In an effort to fill vacant board seats with members offering diverse perspectives, experiences and skills, several area nonprofit organizations will be part of an open house-style recruitment event Saturday.
One of the goals of the Nonprofit Draft Day, presented by the nonprofit Collaboration for Good, is to connect willing volunteers with small or burgeoning nonprofit organizations. By offering a one-stop shop for volunteer opportunities, potential board members can peruse various organizations to find a good fit, and organizations have an opportunity to find the types of board members they are looking for as well.
Alnisa Allgood, founder and executive director of Collaboration for Good, said another goal of the event is to attract more diverse candidates to nonprofit boards, including women, people of color and people with disabilities.
“A diverse board makes a stronger board (because) boards are able to influence how an organization responds to or relates to people,” Allgood said.
Drawing in board members can be difficult for some nonprofits, Allgood said. If a nonprofit doesn’t have significant name recognition — either because it is new or serves a small or specialized group of people — potential volunteers may not even know there’s an opportunity to become involved.
About 50 nonprofit organizations have registered for the event, according to the event’s website, nonprofitdraftday.org. Potential volunteers will be able to browse those organizations’ information booths at Edgewood College’s Predolin Hall, 959 Edgewood College Drive, and learn more about their missions and needs
Karin Krause, the founder of Hope & a Future, a neighborhood-style residential community housing seniors and young, at-risk families, said it can be difficult to connect with people who have the right experience to guide a nonprofit. She said that as a registered nurse, she saw a need to bring together the mentorship the elderly can provide and the liveliness of young families to benefit both groups, but that her nursing experience doesn’t fully translate into know-how to run a nonprofit.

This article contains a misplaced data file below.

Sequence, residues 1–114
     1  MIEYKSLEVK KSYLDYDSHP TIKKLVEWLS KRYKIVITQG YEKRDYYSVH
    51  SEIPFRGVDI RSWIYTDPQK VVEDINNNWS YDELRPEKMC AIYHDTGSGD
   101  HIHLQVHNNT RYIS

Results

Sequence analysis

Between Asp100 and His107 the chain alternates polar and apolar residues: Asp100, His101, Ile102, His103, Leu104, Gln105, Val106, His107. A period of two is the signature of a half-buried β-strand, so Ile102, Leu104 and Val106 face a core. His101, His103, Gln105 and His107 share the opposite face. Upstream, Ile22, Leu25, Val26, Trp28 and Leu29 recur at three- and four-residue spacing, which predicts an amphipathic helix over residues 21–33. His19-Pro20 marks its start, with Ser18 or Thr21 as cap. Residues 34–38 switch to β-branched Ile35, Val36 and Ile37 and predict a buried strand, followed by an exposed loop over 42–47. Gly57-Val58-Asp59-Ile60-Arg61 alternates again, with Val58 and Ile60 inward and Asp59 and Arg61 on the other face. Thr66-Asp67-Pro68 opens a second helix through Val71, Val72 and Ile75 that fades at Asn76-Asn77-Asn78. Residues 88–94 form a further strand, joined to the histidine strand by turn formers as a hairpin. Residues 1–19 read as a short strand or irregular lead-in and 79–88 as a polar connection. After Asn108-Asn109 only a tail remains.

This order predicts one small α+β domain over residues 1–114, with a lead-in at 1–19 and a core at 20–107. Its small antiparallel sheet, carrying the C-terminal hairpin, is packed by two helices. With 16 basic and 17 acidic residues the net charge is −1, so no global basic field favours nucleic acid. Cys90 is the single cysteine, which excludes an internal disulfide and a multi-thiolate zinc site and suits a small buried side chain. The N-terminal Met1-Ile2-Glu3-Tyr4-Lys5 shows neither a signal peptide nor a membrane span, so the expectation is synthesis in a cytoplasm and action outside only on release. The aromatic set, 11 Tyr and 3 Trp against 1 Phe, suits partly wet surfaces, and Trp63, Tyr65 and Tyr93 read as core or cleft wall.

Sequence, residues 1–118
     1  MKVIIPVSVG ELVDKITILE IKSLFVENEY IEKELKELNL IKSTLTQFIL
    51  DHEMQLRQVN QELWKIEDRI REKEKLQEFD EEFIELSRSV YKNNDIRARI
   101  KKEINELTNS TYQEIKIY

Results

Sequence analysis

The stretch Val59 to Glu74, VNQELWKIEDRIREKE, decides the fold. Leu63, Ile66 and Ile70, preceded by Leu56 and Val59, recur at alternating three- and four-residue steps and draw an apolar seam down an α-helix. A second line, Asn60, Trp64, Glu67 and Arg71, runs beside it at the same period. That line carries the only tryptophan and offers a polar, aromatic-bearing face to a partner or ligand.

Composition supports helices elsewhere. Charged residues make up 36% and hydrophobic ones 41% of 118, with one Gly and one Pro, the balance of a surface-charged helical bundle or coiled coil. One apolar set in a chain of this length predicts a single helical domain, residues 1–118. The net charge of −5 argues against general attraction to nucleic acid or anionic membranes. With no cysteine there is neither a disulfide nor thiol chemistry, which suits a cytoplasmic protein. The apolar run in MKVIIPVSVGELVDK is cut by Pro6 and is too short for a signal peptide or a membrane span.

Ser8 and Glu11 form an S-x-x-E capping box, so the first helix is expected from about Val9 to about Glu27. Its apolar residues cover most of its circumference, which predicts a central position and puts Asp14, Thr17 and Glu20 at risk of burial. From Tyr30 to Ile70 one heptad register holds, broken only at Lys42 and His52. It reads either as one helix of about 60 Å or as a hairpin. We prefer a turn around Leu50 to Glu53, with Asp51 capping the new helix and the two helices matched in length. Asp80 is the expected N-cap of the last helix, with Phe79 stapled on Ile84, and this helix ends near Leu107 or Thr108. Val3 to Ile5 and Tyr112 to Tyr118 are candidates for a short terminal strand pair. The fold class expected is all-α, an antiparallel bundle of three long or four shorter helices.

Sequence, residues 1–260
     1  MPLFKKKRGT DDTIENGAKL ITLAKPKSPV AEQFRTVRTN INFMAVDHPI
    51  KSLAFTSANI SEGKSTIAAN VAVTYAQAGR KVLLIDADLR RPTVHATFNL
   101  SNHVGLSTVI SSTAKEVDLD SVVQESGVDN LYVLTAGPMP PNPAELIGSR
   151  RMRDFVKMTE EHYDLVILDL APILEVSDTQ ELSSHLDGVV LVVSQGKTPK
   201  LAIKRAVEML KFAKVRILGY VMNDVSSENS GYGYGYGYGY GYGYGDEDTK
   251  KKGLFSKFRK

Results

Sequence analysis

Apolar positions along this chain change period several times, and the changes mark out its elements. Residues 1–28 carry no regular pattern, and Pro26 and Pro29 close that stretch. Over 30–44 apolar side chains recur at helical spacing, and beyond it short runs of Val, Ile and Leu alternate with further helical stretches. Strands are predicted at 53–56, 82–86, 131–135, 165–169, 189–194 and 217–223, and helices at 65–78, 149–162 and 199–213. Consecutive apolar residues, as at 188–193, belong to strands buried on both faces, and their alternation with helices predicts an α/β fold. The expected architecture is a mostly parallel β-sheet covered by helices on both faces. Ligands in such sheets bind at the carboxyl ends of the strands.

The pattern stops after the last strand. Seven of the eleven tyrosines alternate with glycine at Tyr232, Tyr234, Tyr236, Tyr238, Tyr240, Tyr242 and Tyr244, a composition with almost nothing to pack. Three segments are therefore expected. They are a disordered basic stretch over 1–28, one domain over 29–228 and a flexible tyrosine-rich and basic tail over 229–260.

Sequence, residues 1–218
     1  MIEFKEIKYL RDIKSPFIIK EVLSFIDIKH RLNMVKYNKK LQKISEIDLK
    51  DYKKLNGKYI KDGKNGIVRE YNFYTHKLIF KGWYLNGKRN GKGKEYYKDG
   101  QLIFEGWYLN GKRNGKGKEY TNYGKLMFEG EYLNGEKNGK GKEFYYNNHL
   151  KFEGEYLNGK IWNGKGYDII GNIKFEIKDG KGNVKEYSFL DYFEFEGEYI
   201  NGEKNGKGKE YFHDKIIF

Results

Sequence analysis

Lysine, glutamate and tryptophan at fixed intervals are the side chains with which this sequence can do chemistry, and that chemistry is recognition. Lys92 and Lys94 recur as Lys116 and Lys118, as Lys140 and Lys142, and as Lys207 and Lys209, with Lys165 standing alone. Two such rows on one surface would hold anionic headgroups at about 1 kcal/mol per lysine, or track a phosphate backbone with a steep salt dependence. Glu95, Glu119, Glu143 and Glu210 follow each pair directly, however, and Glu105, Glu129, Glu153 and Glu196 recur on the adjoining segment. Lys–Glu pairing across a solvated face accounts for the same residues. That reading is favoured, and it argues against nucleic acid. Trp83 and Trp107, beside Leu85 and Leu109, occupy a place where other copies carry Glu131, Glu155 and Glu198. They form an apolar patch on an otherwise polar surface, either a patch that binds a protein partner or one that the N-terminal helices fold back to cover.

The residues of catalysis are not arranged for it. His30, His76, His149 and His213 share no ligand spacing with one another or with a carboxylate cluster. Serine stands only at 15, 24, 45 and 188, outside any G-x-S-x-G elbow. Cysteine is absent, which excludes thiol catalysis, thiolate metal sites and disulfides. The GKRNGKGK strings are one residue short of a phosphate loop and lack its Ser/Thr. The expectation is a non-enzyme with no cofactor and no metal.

Board members can fill that gap, Krause said.
“I had a vision, and I had ideas on how to solve a problem, and I think many founders are this way. But you’re not a business person, you’re not a finance person, you’re not a lawyer, and you can’t quite afford to hire those people,” Krause said.
Each organization will have different expectations for board member recruits, Allgood said. Some will seek volunteers who are highly experienced or knowledgeable in the field, while other nonprofits may simply require enthusiasm for their missions.
Nonprofits boards have different roles within each organization as well, Allgood said. Some boards have financial responsibilities, some work on outreach strategies, some analyze nonprofit data and metrics and others guide the direction of the organization.
Many board positions will require about three to four hours of work per month, but members of some more intensive boards could work up to a few hours per week, Allgood said.
Derek Kraemer, who works as an accountant, decided last year that he wanted to volunteer his time in the community. He signed up to attend last year’s draft day — individuals can also sign up the day of the event — and search for an organization he felt passionate about.
“It gave me an easy way to see what type of (volunteering) options were out there, and I could see what organizations needed my financial expertise,” Kraemer said.
Kraemer is now a board member at Hope & a Future and helps with the budgeting and tax process, he said.
Not everyone who approaches a nonprofit’s booth at the draft day will join its board, but they can become part of that organization’s larger network, Taysheedra Noll said. Noll founded Women’s Place and Resource Center in DeForest in 2015 to help women who have overcome crises such as homelessness, unplanned pregnancy or health problems remain on stable footing. Women’s Place works as a services hub where women can find support or be connected to specialized programs.
Since Women’s Place is still a newer nonprofit — beginning its work in earnest in 2017 — Noll said the organization benefits from outreach opportunities like the draft day. Women’s Place found a new board member at last year’s event and also connected with other humanitarians who approached the Women’s Place table.
“Even if they don’t become board members, they become great resources or great volunteers,” Noll said.
Her organization now has four generalized board members, so Noll is looking to expand her board with one or two more members who have more specialized skills, particularly in information technology.
Krause’s board has eight members, but the organization is lacking in communications and marketing strategies, she said, so Hope & a Future will also be looking for a new board member.